By Mike Ceaser, of Bogotá Bike Tours

Wednesday, June 14, 2017

Development by Rural Radio

Popular Cultural Action.
'You should buy a
NEW battery radio.
In the age of the internet and smart phones, old fashioned radio often gets overlooked. That's not yet true, however, in the countryside, where in some areas radio is the only source of local news.

During the 1940s, '50s and '60s, the Colombian government tried to use radio to promote land redistribution and health care, teach literacy and even promote family planning - and got embroiled in polemics with religous conservatives and anti-Communists.

Today, radio is still important in rural areas, in some of which it is the only
The BLAA exhibition.
 local news source. However, in some places that radio station belongs to the military or police, making one question how objective and inclusive the news is.

There's an exhibition about Colombia's rural radio on now in the BLAA library on Calle 11 in La Candelaria.

A priest reads to the radio.

'How to reach a man's mind.'

A young, apparently VP Nixon, talks radio.

Agrarian reform.

'The great communist threat.'

Services for the campesino.

'It's no sin to talk about that' (family planning).

Mother and Child.

'Land Distribution Plan.'

'Agrarian social reform is Christian and not communist.'

By Mike Ceaser, of Bogotá Bike Tours

Tuesday, June 13, 2017

Required Reading for Bogotá Breathers

'Dying for a breath of Bogotá Air', from The City Paper
Steve Hide's interesting piece on Bogotá's perpetual air pollution crisis in the June The City Paper gives a good illustration of Bogotá's impotent air quality enforcement. (Unfortunately, I couldn't find the article online.)

Too tough for environmental officials to identify?
A 'green' bus belches its way along Carrera 10.
My favorite part - for ironical reasons - is the quote from the Bogotá Environmental Secretariat official, who complains that "citizens don't know how to denounce" dirty vehicles, to the government's hotline. That's probably true, but it begs the question of why city environmental officials rely on the public instead of doing their job by stopping and fining these 'rolling smokestacks.'

Hide writes that in Quito, Ecuador he saw environmental officials testing buses' emissions. In my 13 years residence in Bogota, which has included countless hours pedaling the city's streets and avenues, I have not even once seen officials testing a bus's emissions.

Bogotá's air pollution is slow motion murder committed in everybody's plain site, every single day.

An exhaust pipe near Palo Quemao.
A woman gets blown away by a TransMilenio bus, icon of Bogotá.
By Mike Ceaser, of Bogotá Bike Tours

Monday, June 12, 2017

Equal Opportunity Evil

A family's memorial to their daughter, who, along with her boyfriend, was murdered, chopped to pieces and thrown into a river by paramilitaries.
A few of the disappeared, who number in the tens of thousands.
A photo exhibition on now in the Centro de Memoria on Calle 26 beside the Central Cemetery makes a simple point: In Colombia's long conflict, there are no good guys. The leftist guerrillas, right-wing paramilitaries and even the government forces have all committed terrible crimes.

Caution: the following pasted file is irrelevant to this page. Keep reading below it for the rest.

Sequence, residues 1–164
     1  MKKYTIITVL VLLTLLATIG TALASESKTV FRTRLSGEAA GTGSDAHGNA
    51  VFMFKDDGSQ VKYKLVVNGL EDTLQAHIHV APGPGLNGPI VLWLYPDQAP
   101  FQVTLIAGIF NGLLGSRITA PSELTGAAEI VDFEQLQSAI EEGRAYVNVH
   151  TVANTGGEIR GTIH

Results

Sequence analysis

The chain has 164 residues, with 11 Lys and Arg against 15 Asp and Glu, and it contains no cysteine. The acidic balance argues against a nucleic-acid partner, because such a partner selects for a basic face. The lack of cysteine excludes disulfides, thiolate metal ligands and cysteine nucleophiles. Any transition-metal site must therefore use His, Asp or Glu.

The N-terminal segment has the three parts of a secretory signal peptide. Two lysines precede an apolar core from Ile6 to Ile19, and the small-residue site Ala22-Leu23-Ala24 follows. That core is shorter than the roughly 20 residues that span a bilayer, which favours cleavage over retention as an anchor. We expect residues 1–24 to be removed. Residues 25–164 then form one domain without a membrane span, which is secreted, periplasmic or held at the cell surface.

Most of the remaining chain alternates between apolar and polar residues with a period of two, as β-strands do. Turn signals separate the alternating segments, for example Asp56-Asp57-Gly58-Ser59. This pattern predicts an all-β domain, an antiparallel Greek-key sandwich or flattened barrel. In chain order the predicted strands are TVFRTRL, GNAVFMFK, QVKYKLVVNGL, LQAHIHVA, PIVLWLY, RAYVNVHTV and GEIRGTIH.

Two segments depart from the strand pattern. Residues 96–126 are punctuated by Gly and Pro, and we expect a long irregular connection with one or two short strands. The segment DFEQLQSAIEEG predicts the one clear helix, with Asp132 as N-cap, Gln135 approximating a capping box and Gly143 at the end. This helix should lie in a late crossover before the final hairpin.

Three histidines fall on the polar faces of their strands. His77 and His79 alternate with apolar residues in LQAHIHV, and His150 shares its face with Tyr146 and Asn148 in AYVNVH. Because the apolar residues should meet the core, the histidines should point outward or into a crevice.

The victims of all sides, and the only good guys, are Colombia's civilians. Kidnapped, 'disappeared' and driven out of their homes and off their land, civilians have been attacked by groups which often claim to be defending them.
Displaced Embera indigenous people.

Today, the FARC guerrillas, Colombia's oldest and largest guerrilla group, are turning in their weapons and demobilizing. However, where the FARC go away, other illegal groups try to move in to take over the guerrillas' drug trafficking, extortion and illegal mining businesses.

Displaced Emberá Chamí indigenous people.

The Centro de Memoria, off of Calle 26 near the Central Cemetery.

Sadly, the Centro de Memory, including its exhibitions, is usually vacant.

Female guerrillas. Young people in parts of rural Colombia may join illegal groups because they know no other authority.
Girls and women in guerrilla groups may be exploited sexually and forced to have abortions.

Indigenous guards, who have struggled to exclude other armed groups from their territories.

Burying a pregnant woman, apparently murdered with government collaboration.
By Mike Ceaser, of Bogotá Bike Tours

Saturday, June 10, 2017

Painting La Candelaria

Polka-Doting Carrera 3.
Today, the city organized a painting festival of some of La Candelaria's older homes, made ugly by neglect and graffiti. Hundreds of volunteers turned out, in what was a sort of street party.

Now, how long will the clean new walls last?
Painting a house.

Sponsored by Citibank!

'Please don't paint this wall.' 

Before the painting, many walls looked like this.

Many houses were graffitied.

A street packed with painters

These kids painted more than the walls.
A graffitied wall in the La Concordia neighborhood.

Painting an historic home.

Mayor Enrique Peñalosa, who is fighting a recall effort, showed up.

Piano playing in the street.

Cleaning up.
By Mike Ceaser, of Bogotá Bike Tours